Built by the Mughul emperor Akbar in 1571, the abandoned capital city of Fatehpur Sikri is the translation of the emperor's visionary philosophy into red sandstone. The Mughul capital for fourteen years, Fatehpur Sikri was built in honor of the famous Sufi saint Salim Chishti, who predicted the birth of Akbar's first son; Salim Chisthi was from the nearby village of Sikri. Akbar was later forced to abandon this capital, possibly because of a lack of water. An example of a Mughul walled city with defined private, administrative, and sacred areas, Fatehpur Sikri blends Hindu and Islamic styles in a manner that embodies Akbar's cultural integration of India's storied past and its Islamic heritage under the Mughuls. Sadly, after it was abandoned, many of its treasures were plundered; Fatehpur Sikri was rescued from obscurity in part to the tireless efforts of Lord Curzon, who began the process of restoration. Fortunately, its construction in an arid region has aided greatly in its preservation, making Fatehpur Sikri perhaps the world's best preserved "ghost town."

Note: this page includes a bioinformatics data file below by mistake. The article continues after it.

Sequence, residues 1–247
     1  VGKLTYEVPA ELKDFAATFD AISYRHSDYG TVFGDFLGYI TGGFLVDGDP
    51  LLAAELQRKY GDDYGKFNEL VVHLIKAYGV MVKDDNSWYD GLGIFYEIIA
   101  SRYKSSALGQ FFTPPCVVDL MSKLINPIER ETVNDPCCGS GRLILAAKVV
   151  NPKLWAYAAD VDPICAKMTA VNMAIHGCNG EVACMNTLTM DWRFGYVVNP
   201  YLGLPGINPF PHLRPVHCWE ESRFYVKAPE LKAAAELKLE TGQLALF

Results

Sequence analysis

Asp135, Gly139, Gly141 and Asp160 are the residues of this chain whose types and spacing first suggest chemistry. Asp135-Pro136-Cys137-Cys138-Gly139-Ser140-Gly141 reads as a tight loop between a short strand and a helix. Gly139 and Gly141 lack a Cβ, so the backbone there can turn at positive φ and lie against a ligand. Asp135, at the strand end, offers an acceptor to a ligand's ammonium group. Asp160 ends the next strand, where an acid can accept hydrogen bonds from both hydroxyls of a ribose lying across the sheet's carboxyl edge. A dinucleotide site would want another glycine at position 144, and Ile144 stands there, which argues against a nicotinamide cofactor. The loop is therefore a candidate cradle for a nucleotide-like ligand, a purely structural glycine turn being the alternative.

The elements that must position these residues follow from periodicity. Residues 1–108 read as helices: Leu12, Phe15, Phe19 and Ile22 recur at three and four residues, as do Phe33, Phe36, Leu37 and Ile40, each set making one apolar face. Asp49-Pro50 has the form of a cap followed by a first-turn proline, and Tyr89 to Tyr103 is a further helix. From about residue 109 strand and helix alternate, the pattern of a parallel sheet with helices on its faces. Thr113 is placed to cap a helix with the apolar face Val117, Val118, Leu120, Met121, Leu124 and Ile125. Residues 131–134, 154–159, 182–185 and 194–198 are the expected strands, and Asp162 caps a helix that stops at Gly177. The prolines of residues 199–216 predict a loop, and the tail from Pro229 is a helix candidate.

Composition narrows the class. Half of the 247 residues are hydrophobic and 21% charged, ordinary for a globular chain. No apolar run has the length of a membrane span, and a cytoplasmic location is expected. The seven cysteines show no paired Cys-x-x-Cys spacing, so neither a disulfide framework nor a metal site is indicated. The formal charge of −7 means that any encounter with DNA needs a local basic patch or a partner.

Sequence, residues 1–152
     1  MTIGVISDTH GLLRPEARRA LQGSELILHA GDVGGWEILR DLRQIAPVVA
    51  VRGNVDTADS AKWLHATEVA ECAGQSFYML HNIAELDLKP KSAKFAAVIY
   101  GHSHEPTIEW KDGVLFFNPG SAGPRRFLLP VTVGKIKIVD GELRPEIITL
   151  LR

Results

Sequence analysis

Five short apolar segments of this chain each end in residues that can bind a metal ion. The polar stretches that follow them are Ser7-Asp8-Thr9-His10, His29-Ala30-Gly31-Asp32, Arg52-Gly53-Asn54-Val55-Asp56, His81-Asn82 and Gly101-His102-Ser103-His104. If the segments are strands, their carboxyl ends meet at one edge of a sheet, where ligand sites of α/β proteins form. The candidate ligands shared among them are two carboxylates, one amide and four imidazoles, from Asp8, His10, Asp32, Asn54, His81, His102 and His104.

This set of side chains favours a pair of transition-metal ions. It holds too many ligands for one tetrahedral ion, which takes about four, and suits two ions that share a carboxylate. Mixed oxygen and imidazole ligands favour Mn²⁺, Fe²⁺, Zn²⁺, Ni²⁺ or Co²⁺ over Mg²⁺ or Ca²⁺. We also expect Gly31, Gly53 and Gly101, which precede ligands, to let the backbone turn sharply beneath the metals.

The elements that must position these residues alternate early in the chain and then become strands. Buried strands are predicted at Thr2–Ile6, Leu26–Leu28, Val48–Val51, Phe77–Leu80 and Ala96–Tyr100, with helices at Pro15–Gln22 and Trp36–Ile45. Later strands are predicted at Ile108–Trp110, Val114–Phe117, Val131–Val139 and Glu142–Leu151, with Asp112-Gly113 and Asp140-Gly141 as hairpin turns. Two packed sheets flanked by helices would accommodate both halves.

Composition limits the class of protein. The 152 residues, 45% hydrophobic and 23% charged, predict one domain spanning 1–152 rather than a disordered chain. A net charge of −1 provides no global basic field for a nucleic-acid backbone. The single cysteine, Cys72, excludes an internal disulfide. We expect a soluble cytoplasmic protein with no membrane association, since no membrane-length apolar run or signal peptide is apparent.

Fatehpur Sikri is an enormous compound whose outer gates extend far beyond the portion that has been preserved and restored. Three areas comprise the primary viewing sights of Fatehpur Sikri today: the Royal Complex, which contains both the private palaces, as well as the administrative offices of Akbar's government, and the adjoining sacred complex containing the Jami Masjid, and the tomb of Salim Chishti. The Royal complex (shown in yellow in the diagram to the left) and the sacred complex (shown in pink in the diagram to the left) are covered in the virtual tours below
Virtual Tours of Fatehpur Sikri
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